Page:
Still, the Percival Lowell impulse is so strong that the title of Andy Weir’s irresistible new science fiction novel, The Martian, will feel more recognizable to most readers than the titles of far more human tales like Oblomov or Winesburg, Ohio. Those readers are far readier to meet a Martian than they are to meet an embezzler, or an adulterer, or a high-minded English duke.

The Martian those readers will meet in Weir’s novel really wishes he wasn’t one; he’s a recent immigrant who’d like very much to emigrate. His name is Mark Watney, and he’s a botanist/engineer on the crew of the Ares 3 mission to Mars in the recognizably near future. He and his teammates have only just recently situated themselves in their base’s artificial habitat (“the Hab”) when an unexpected windstorm separates Watney from the group and leaves them with no alternative but to scrap the mission – and assume he’s dead.

But Mark Watney isn’t dead, and he quickly realizes that if he’s going to survive until the arrival of the next Ares mission – in four years – he’s going to need every bit of scientific knowledge he’s ever acquired. He has an array of advantages: he’s got the mission’s habitat and all its technology for providing shelter and recycling oxygen and distilling drinking water. But a moment’s mental arithmetic is sufficient for him to know that this advantages won’t be enough to sustain one human life for four years. He’ll need more food than his stored ration-packs can provide; he’ll need more water than the reserves he’s got; he’ll need to set up the rudiments of a functioning indoor ecosystem – which will require, first of all, a knowledge of how his Earth-ecosystems worked in the first place. Weir’s book is full Watney’s digressions into such knowledge, and virtually all of them are fascinating:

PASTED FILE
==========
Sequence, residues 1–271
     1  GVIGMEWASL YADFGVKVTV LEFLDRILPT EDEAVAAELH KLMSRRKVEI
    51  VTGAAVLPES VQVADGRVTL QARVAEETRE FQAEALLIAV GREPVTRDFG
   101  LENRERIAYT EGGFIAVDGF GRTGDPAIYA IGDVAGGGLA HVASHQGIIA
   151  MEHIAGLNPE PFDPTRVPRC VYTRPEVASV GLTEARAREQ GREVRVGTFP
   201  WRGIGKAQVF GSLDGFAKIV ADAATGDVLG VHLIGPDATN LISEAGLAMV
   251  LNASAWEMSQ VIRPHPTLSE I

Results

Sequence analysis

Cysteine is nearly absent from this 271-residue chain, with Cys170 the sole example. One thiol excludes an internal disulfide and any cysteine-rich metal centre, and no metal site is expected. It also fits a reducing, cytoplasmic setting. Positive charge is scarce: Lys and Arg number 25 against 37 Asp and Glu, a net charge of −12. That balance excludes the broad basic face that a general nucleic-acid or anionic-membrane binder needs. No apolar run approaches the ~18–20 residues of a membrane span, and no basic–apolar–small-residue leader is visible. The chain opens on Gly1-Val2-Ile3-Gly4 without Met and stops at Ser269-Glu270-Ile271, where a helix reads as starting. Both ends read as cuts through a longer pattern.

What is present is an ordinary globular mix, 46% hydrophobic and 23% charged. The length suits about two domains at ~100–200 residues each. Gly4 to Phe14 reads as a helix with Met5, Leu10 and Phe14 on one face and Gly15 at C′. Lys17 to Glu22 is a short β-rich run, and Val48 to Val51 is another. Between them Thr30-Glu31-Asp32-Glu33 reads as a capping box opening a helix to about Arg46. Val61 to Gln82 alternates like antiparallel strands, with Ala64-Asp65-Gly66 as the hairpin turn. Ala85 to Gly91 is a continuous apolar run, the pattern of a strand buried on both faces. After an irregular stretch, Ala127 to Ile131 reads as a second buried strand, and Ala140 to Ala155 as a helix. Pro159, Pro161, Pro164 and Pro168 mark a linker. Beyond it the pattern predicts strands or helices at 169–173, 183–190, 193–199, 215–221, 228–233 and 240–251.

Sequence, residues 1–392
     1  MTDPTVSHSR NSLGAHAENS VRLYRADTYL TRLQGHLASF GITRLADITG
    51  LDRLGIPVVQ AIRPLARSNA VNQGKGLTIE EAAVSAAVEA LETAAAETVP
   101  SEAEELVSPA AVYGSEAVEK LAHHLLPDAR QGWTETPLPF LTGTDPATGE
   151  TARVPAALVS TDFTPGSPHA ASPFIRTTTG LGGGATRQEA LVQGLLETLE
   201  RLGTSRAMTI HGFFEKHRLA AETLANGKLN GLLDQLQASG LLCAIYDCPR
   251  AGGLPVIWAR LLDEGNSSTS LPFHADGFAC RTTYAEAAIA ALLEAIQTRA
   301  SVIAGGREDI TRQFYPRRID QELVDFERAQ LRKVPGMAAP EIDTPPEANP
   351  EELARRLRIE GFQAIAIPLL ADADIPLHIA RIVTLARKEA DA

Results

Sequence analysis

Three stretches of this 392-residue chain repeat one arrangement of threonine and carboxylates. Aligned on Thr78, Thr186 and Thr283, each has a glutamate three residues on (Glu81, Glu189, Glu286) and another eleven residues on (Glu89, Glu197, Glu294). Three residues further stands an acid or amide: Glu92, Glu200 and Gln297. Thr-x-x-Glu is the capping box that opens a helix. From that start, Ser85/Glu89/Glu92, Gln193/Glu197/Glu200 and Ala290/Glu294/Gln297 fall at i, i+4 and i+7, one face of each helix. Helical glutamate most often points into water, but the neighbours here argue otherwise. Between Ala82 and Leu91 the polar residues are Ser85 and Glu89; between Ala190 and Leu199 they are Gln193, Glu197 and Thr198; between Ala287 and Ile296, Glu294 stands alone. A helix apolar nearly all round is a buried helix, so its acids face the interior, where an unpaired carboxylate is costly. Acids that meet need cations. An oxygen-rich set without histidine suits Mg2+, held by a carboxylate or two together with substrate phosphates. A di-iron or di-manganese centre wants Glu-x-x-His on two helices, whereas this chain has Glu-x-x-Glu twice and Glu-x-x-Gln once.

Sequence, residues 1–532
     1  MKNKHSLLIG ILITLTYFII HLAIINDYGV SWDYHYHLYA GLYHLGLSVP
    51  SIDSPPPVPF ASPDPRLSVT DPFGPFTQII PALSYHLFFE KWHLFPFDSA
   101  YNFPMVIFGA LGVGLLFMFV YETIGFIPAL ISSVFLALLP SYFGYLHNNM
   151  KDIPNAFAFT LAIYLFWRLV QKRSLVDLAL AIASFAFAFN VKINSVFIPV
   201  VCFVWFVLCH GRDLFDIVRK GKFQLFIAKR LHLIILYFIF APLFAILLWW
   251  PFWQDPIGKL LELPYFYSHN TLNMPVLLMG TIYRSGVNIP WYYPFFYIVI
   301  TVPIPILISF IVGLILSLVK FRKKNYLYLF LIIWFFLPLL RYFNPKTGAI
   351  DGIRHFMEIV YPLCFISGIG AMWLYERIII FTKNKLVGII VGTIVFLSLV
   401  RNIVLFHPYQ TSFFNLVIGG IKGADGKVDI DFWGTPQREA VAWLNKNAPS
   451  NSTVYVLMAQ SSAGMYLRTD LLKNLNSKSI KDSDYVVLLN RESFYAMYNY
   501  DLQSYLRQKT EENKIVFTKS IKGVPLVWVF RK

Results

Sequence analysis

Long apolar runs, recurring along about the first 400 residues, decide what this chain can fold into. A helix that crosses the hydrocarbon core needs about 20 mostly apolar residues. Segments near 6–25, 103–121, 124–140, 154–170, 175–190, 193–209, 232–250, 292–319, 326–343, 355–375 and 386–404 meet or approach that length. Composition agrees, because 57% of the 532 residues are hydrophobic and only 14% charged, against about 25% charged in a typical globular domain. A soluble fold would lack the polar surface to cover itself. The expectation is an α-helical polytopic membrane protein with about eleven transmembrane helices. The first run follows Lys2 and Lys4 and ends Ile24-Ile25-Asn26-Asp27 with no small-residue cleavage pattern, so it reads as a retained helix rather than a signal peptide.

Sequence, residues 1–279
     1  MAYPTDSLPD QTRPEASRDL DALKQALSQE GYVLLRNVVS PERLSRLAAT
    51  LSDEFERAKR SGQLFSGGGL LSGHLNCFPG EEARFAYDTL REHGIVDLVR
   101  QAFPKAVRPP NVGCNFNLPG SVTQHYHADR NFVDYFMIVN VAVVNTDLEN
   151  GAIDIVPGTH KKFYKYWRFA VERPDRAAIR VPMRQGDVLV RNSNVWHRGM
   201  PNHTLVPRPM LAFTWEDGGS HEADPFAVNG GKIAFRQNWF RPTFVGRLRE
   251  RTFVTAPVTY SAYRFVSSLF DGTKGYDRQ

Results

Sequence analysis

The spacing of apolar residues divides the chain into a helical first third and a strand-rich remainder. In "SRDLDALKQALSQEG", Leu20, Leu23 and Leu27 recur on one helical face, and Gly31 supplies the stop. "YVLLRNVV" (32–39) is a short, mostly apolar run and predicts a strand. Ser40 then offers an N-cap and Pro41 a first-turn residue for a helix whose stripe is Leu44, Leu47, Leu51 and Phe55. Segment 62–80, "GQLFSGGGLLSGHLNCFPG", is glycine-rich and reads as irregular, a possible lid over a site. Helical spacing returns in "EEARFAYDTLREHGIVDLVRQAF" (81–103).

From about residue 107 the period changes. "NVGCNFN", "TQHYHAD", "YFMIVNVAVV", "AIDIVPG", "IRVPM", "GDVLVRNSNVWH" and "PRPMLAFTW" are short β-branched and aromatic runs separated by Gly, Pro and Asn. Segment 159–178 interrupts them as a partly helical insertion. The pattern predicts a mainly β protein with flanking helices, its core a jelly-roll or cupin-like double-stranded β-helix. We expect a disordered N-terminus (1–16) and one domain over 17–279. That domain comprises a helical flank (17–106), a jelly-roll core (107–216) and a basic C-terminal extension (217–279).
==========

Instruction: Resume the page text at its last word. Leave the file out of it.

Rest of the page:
Soil bacteria are used to winters. They get less active, and require less oxygen to survive. I can lower the Hab temperature to 1 degree C, and they’ll nearly hibernate. This sort of thing happens on Earth all the time. They can survive a couple of days this way. If you’re wondering how bacteria on Earth survive longer periods of cold, the answer is they don’t. Bacteria from further underground where it is warmer breed upward to replace the dead ones.

Weir gives Watney dozens of such ingenious insights into how he can do the things he needs to do, and the biggest of the things our hero wants to do is somehow communicate with Earth to let them know he’s not dead. He figures he needs to travel to the future landing-site of the Ares 4 mission, and travel needs navigation, which raises a whole new set of problems: